Sunday, April 27, 2008

Milkshake



Before Sunrise is one of my favorite films. Jesse and Celine meet on a Eurail train, and in the glow of a mutual attraction, disembark at Vienna to spend a day (and night) together, before resuming their regularly scheduled lives in America and France. That one day is a beautiful gift, an unlikely improv, especially for being so sweetly ephemeral.

In the scene above, a poet approaches the couple as they walk the length of the Danube, offering to write them a poem incorporating a word of their choice, in exchange for money. Celine chooses "milkshake." He scratches off something in two minutes.

I love the spontaneity that threads the movie, and the related challenge laid down in this clip. But I'm slow. Which is why I stuck with haiku. It still took me five minutes, though.


Vanilla pulse points
Sweating out summer sunbeams
Milkshake to his brain



What do you think: does time determine a relationship's success? Can such a transient pairing, or poem, attain the kind of "quality" that we respect in longer couplings, or works?

I'm not sure . . . but I know I love this movie.


[Video courtesy of pici1]

12 comments:

Aine said...

I'm not surprised this one of your favorite movies... :) I loved it, too. It's been a few years since I saw it. Maybe I need to put it on my list again.

I'm becoming jaded as I age though. I don't think such transience can work for the long term. Perhaps it's just my midlife phase, but I now see that romance is easy to find, it's mature love that is hard to attain. Not everyone is capable of that, and it requires a lot of work. Anyone can fall in love with the shadow that is presented upon first meetings. To know how to "love the one you're with" is truly magical.

Billy said...

I agree with Aine. Falling in love is not terribly hard. Chemistry and infatuation--nothing wrong with them of course--rule at first, but time must prove that there is something deeper.

Sarah Hina said...

Yes, I am a tad predictable, aren't I, Aine? ;)

And you should rent the sequel, Before Sunset if you haven't already. It's Jesse and Celine, 9 years later. Just as good, but in a different, more melancholy way.

I agree with both you and Billy about romance vs. commitment. But for these two (and from having watched the sequel), I think they became committed to this shadow romance, for all the years after Vienna. Nothing was ever going to live up to that day for them. Which is also kind of sad. But sometimes the connection pierces those shadows--at least in our minds--and when that happens, even time can't blunt it entirely.

jason evans said...

The poem captures it. I could analyze it, but I won't. Romance is like that. It's like those deep, deep ocean fish. Secretive. Beautiful. If you haul them to the surface, however, they disintegrate, ruined.

It may be delusional, but so is human existence. Viruses are clear, simple, and logical. We are not. The emotions of that day will stay with those people their entire lives, and there is power in that.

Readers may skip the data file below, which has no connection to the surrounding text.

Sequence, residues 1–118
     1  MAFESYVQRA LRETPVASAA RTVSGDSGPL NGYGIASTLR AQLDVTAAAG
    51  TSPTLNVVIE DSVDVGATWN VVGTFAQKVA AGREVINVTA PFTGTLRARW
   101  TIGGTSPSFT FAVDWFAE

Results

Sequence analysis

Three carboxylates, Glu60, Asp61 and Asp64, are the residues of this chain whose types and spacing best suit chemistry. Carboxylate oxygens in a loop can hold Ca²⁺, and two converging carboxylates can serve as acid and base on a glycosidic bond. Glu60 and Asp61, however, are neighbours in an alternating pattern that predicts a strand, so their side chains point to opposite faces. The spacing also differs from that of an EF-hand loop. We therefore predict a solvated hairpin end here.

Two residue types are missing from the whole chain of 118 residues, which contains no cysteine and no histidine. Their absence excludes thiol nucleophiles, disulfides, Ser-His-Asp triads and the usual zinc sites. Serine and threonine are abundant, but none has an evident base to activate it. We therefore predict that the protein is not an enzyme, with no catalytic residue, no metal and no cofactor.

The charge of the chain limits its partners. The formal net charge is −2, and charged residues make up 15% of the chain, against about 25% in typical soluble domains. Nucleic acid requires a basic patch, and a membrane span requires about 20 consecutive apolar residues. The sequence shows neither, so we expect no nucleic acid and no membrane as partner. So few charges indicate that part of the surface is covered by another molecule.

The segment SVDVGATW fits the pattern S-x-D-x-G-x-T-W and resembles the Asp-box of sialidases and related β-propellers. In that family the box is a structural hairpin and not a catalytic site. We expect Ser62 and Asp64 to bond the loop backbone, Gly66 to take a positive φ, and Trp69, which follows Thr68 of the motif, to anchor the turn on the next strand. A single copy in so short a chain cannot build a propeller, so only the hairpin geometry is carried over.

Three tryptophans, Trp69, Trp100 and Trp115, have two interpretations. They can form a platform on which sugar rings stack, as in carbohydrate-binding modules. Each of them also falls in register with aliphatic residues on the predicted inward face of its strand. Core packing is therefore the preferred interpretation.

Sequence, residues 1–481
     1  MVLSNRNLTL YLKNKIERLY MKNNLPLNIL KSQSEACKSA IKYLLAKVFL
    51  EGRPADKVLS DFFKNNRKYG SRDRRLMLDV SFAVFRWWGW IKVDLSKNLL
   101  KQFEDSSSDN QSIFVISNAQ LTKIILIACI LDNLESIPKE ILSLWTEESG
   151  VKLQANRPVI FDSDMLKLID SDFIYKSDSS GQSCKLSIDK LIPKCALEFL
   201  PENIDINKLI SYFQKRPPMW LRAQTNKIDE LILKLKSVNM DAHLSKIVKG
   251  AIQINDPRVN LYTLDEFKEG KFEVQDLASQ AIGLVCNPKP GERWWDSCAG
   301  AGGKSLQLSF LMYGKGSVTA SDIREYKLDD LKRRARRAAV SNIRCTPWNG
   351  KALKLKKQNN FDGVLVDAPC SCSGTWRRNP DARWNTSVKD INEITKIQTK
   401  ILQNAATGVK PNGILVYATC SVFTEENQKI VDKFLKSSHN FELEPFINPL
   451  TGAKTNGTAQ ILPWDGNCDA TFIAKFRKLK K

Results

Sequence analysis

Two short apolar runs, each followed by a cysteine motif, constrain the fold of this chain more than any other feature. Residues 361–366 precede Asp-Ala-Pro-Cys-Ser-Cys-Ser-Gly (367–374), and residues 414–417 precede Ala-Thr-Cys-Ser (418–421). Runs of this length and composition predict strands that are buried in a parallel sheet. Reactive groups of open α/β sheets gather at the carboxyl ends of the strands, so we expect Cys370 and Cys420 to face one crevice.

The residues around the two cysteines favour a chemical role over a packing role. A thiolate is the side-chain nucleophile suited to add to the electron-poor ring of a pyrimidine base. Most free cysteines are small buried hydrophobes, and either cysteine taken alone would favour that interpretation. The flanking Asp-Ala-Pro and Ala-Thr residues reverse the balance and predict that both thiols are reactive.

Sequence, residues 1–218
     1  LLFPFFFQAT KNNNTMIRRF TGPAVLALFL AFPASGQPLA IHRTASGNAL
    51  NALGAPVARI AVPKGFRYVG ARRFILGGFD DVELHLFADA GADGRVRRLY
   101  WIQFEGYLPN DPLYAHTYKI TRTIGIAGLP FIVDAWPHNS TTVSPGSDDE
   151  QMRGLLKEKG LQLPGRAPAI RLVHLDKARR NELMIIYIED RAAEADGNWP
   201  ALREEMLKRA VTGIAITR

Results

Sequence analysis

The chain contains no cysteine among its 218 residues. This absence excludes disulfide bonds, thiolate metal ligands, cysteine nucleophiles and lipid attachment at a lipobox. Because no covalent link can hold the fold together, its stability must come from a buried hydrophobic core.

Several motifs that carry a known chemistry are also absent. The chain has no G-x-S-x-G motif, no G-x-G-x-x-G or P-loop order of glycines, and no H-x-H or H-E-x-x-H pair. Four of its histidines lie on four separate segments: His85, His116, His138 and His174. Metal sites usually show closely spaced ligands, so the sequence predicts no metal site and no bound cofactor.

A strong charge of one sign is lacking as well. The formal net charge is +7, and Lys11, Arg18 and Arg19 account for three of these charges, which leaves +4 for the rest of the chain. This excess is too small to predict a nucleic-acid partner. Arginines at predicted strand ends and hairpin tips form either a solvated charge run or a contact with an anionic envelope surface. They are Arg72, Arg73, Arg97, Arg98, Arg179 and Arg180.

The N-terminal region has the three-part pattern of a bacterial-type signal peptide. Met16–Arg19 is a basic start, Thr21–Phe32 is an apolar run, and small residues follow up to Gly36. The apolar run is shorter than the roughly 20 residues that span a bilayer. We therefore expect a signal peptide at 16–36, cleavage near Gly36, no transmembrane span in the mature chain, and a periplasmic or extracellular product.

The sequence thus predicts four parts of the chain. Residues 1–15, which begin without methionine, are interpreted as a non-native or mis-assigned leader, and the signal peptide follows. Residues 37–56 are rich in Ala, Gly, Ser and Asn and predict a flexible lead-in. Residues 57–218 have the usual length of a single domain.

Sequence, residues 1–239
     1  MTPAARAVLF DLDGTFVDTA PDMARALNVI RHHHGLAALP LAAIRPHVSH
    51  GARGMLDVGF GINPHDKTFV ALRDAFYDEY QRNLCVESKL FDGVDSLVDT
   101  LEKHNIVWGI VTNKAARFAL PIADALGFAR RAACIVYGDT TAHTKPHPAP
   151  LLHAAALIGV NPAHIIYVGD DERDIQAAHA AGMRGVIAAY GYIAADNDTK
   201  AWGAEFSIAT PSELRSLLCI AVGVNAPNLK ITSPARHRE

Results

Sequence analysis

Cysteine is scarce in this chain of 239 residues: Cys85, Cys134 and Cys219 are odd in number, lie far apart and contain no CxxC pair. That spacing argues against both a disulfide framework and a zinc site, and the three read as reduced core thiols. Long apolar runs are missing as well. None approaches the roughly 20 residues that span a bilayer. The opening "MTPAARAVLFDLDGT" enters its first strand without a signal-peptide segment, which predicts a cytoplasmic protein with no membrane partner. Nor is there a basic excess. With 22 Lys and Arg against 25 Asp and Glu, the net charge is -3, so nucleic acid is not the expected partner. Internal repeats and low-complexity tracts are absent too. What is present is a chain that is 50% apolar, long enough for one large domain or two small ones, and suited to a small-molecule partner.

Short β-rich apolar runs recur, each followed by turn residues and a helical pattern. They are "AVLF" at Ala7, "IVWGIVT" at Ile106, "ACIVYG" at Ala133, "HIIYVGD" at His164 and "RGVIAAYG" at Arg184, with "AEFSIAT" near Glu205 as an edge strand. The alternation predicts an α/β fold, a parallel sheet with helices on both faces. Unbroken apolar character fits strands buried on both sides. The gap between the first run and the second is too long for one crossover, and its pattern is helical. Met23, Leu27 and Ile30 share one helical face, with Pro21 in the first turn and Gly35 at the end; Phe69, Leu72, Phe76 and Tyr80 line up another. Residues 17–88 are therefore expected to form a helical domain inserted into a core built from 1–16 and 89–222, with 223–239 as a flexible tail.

I'm glad that someone, even in the context of fiction, captured that moment.

Hoodie said...

I think that love like that exists. I'm not even opposed to calling it love. But there needs to be more words in the English language to define the different types of love.

The difference between that kind of love and true and lasting relationships built on time and mutual struggle is the same as the difference between pleasure and happiness. They make look the same on the surface, but one is paper thin while the other is thick and unbreakable.

Sarah Hina said...

Me too, Jason. And your underwater analogy is truer and lovelier than any milkshake poem I could conjure in ten, or even twenty, minutes. ;)

I think we're tapping into the same sentiment here. It may be a pretty delusion on their part, but countries have been overthrown for less. And certainly, hearts.

Hoodie, I agree that this is love. I guess that's the gist of what I'm trying to get at. Love casts a wide net, throbs through many incarnations, and I'm not sure that it should be judged by the hand of time. Or whether we should even attempt to weigh or categorize it. I guess we should just be grateful to be snagged at all.

Thanks so much for stopping by! I really liked what you had to say. :)

Jaye Wells said...

I loved that movie.

ChrisEldin said...

Oh God, that is beautiful!! I listened to it twice, because I've never seen the movie (Now I will!)

Sarah, I want to give you a word. It's this: Strand

Please write me a poem!!
:-)

Beth said...

Like Aine, I am not surprised this is one of your favorite films. I don't think time has anything to do with the initial feelings of love, but I do believe real love is not romantic or fluffy ... it's gritty and everlasting.

(and thanks to you I'll have that silly "Milkshake" song in my head the rest of the day ...lol)

Sarah Hina said...

Every time I watch it, Jaye, I never want it to end. Which is fitting.

I was hoping to reach someone who hadn't seen the film, Chris! So glad you'll check it out.

And I'm up for the poem. ;)

I think real love is romantic, Beth. But you're right--it contains some grittiness, too.

Oops. Sorry about the Milkshake song! ;)

Vesper said...

A beautiful movie.

The "quality" you're mentioning is very relative, I think. Each person gives it another "shape".

Sarah Hina said...

So true, Vesper. Love is so subjective, of course, and as malleable or rigid as the individuals celebrating it.

Thanks for coming by. :)